- Unilever is conducting a "strategic review" of its global tea business that could include a sale, the company said in its earnings report Thursday. The tea division, which includes the popular Lipton brand, generates annual sales of about $3.3 billion, according to The Wall Street Journal.
- The New York Post said the review comes as consumers opt for more herbal varieties and make less black tea, which accounts for two thirds of CPG giant’s tea segment.
- “We have really seen this trend play out,” Unilever CEO Alan Jope told analysts. “It’s not a short-term thing. It’s a long-term trend over a decade.”
Unilever has repeatedly denied reports in the past that it is looking to sell its tea business known for popular brands such as Lipton and Tazo. But the company's announcement Thursday that it is conducting a "strategic review" of the segment — which could include a full or partial sale, among other options — underscores how even a popular beverage such as tea can succumb to changing consumer trends. Unilever estimates that more than 270,000 cups of its tea are brewed every minute.
Allied Market Research estimated the global tea market size was valued at $52.1 billion in 2018 and is estimated to reach $81.6 billion by 2026, a compound annual growth rate of 5.8%. "Growth in demand for herbal tea and introduction of new flavor and variety of tea is anticipated to provide growth opportunities for the tea market," the firm said.
Unilever has tried to increase its presence in faster-growing categories within tea, highlighted by its 2017 purchase of organic herbal tea maker Pukka Herbs and the acquisition of Tazo Tea from Starbucks for nearly $400 million that same year. Four years earlier it also snapped up premium tea maker T2, known for its African Rooibos and Honeybush Tea as well as Organic Turmeric Ginger Ninja Loose Leaf Tea.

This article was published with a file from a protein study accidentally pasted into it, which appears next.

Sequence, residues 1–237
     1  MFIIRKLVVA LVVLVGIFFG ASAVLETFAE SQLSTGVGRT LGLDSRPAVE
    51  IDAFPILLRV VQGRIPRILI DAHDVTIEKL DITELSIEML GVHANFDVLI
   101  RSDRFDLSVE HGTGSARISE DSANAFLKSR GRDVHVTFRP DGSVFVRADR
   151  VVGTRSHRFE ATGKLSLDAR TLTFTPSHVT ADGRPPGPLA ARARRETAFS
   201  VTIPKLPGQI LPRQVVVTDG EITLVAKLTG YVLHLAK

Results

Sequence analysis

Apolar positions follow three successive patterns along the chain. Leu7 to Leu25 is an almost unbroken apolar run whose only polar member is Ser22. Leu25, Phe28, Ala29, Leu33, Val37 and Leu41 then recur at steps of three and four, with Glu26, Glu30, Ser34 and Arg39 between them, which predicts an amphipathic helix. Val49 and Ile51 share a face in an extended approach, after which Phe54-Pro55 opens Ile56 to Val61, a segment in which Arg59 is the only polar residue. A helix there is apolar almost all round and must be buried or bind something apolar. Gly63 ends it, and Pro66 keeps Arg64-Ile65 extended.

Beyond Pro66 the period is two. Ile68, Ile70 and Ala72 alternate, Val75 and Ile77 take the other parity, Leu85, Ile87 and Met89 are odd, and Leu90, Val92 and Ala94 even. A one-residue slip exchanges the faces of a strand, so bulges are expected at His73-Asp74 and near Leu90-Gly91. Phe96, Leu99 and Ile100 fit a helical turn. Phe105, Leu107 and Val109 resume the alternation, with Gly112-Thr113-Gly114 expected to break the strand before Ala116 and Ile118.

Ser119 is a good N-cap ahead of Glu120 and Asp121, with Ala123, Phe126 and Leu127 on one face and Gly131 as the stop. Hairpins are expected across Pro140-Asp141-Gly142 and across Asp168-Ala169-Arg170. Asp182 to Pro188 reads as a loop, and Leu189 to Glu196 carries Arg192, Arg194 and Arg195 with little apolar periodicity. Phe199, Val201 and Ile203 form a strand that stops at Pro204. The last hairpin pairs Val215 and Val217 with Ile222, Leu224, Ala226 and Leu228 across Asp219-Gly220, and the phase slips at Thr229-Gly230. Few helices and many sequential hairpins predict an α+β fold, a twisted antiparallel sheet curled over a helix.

“All of that premiumization activity still is not able to make a difference because of the size of the black tea category,” Graeme Pitkethly, Unilever's CFO, told analysts in The Wall Street Journal story.
Howard Dorman, national food and beverage sector leader at Mazars USA, told Food Dive that Unilever's tea business is certainly a "marketable" asset for the consumer goods giant.
While it's uncertain who would be interested, companies such as Nestlé or Hain Celestial that already have a presence in tea would be logical buyers. It's also possible private equity or a company looking to enter tea could make its own bid.
Dorman said despite adding tea brands to its portfolio through acqusitions, it wasn't enough for Unilever. "The pressure of them not being able to pivot quick enough into the natural or hebal tea market slowed it down for them," he said.
The challenges mirror problems big beer companies such as AB InBev and Molson Coors are facing in their iconic brews. As beer sales continue to decline, brewers have acquired more craft brands or expanded into new areas such as hard seltzers or ciders, but those have not been enough to offset the drop in its core beer business.
Tea remains one of the most popular beverages in the world due to a number of health benefits, including potent antioxidants, the potential to reduce cell damage or lower cholesterol levels. But consumers, especially younger generations, are looking for even more flavors and increasingly turning to options like botanicals.
As consumer consumption habits shift, large CPGs are constantly tweaking and pruning their broad portfolios — divesting slow-growing or falling segments in favor of trendier ones. In 2017, Unilever sold its margarine and spreads business, which included I Can't Believe It's Not Butter, for $8.03 billion to private equity firm KKR.
Other companies have been making changes too, including Nestlé, which sold its U.S. chocolate business to Ferrero for $2.8 billion in 2018 and announced last month that it would unload its U.S. ice cream portfolio to Froneri in a $4 billion deal.
Whether or not Unilever decides to sell all of its tea business, a portion or retain it, the fact that it is considering a move after denying that any such move was in the works, could signify that the European company believes further declines in the segment will continue and it's unwilling to invest the time or capital to turn it around. As other CPG giants face a similar predicament, it's likely that further announcements to unload a business that would have at one time been unheard of is all but inevitable.